Try doing a voice writing exercise each week. It only takes a few minutes, and that weekly stretching and warm-up will help your writing the rest of the week.

And not just short exercises--use your manuscript as practice ground for unleashing your raw voice. Take a scene, or a page of your manuscript. Work some of the exercises with that piece of your writing. Not only will you be developing your voice, you’ll also be working on beefing up your manuscript.

Don’t be discouraged if the exercises don’t seem to be showing dramatic results. Often a writer’s voice comes out subtly, in waves or glimpses.

Some writers’ voices are loud, others are soft and more subtle. Don’t assume you’re one or the other. Don’t fall prey to preconceived notions. Just WRITE. Be yourself.

With diligence and perseverance, your voice will come roaring out of you.

Wednesday, May 27, 2009

The Basics of Introducing a Character

I wrote this article, which originally appeared on Suite101, on introducing a character in your novel.

The Basics of Introducing a Character

A Few Main Points For When a Character Steps on the Page

Three things to remember when introducing a character, whether the main character or a minor one.

Whenever a character makes a “first appearance” in the novel, there are three things a novelist should remember when writing the scene.

Create a Strong, Quick First Impression

Ideally, the novelist wants the character onstage quickly, without a long paragraph of description.

Give a strong first impression without a lot of detail—simply a phrase to anchor the character in the reader’s mind.

Here is where a cliché could actually be used, because it’s a quick way to create a colorful impression with few words: “a spunky redhead” or “a one-legged pirate” or “a powerful businessman.”

Whatever the writer chooses to create that first impression, make it the most significant aspect of the character. Show a prominent trait or personality, an obvious flaw or perfection. This will make the reader utilize past experience to create a sketch of the character in his mind.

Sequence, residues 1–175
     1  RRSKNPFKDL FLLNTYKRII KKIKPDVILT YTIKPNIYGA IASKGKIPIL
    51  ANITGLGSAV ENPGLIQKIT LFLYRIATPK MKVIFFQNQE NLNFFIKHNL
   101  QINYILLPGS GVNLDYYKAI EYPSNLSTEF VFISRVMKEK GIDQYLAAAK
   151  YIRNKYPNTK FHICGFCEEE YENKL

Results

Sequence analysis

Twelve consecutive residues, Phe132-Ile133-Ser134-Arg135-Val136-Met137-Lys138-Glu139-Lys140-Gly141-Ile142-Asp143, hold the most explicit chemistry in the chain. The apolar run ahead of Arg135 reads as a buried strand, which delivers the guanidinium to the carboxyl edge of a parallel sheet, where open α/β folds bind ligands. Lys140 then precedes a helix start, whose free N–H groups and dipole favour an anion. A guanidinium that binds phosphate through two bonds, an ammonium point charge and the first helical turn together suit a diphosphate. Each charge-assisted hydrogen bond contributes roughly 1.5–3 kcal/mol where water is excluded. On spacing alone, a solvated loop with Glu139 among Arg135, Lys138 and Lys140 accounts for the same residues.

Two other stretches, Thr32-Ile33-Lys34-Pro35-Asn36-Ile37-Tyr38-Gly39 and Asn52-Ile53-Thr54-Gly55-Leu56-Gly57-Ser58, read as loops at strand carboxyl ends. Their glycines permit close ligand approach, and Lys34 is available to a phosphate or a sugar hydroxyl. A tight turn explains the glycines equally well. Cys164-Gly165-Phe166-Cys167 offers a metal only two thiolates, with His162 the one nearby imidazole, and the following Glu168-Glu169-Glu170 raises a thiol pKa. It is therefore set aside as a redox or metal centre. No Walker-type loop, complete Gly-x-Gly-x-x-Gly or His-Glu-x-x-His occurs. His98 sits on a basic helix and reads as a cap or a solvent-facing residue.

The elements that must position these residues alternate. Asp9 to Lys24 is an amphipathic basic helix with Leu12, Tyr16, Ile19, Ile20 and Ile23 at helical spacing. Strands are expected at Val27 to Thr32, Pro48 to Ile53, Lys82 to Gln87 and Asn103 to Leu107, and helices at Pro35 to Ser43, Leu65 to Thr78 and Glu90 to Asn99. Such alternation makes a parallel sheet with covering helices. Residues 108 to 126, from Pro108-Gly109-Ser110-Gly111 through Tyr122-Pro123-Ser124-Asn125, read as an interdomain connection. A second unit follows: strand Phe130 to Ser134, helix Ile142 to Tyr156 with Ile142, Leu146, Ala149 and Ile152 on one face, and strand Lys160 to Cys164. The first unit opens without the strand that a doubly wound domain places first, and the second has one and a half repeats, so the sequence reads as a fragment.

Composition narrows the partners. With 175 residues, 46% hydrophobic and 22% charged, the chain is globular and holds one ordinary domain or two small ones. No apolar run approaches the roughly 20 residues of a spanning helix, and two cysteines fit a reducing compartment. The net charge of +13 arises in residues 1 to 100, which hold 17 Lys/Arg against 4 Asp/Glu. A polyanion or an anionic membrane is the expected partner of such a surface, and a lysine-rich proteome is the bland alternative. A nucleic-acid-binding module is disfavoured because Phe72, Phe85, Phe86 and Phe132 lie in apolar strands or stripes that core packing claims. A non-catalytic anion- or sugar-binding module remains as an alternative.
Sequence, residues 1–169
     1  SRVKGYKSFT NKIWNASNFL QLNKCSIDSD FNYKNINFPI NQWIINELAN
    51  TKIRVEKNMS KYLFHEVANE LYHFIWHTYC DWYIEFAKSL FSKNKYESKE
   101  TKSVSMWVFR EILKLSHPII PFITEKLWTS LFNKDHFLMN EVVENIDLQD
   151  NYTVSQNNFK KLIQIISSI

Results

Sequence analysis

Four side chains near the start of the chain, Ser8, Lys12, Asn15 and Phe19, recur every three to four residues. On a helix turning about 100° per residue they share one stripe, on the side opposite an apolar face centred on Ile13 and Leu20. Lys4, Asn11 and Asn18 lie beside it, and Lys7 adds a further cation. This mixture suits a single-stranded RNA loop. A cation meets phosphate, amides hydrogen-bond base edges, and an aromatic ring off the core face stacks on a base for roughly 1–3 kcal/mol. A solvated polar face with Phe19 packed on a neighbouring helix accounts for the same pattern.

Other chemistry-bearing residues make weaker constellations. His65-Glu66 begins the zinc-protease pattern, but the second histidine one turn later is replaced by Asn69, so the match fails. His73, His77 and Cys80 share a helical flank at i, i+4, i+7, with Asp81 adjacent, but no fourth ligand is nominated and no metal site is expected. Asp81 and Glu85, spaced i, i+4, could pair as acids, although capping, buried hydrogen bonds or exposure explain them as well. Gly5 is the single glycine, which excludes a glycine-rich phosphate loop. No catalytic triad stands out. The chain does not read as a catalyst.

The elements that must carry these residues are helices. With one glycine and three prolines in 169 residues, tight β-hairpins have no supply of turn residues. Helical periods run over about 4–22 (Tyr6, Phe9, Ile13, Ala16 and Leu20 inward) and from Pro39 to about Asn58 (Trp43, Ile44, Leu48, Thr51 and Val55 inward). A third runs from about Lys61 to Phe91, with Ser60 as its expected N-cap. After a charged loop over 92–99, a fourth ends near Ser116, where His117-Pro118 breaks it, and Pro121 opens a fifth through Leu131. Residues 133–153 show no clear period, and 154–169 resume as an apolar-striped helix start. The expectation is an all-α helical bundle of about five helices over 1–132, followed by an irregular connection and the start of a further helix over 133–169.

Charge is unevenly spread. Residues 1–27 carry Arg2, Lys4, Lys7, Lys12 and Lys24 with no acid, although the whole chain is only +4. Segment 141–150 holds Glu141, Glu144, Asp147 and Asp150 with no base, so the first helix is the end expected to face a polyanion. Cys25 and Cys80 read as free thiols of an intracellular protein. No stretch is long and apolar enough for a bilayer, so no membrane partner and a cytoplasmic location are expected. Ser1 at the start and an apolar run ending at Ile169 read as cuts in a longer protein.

Minor characters only need this one significant aspect pointed out. For major characters, hints revealed here and there in dialogue and action will add more depth to that shallow, significant first impression.

Make the Characters Act

In Techniques of the Selling Writerby Dwight Swain, he writes:

“Bring your characters on in action. The day when readers would hold still for a long-winded, static description of a character, complete with family tree, is long gone. Now, they want him alive, breathing, doing something—preferably, doing something interesting.”

Show your character doing something to reveal plot elements. A suspicious action can create intrigue. Hidden anxiety can hint at imminent danger. Anger can create conflict. Contrast or paradox can create curiosity. Subtexting in dialogue can hint at deeper waters.

Show the character doing something to reveal to the readers that all is not right, and they can expect imminent change.

Don’t Crowd the Scene

Introducing too many characters at once will only confuse a reader. While the author might be able to easily keep Tom, Dick, Harry, and Jane’s names separate and their personalities might seem very distinct, to a reader just introduced to them, they’re a crowd of strangers.

While you do want to introduce the main characters, especially, early in the story, introducing too many at once can overwhelm the reader. Confusion often leads to a reader putting the book down, unbought.

Make it easy for your reader. Start with two or at most three characters, and introduce others in chapter increments.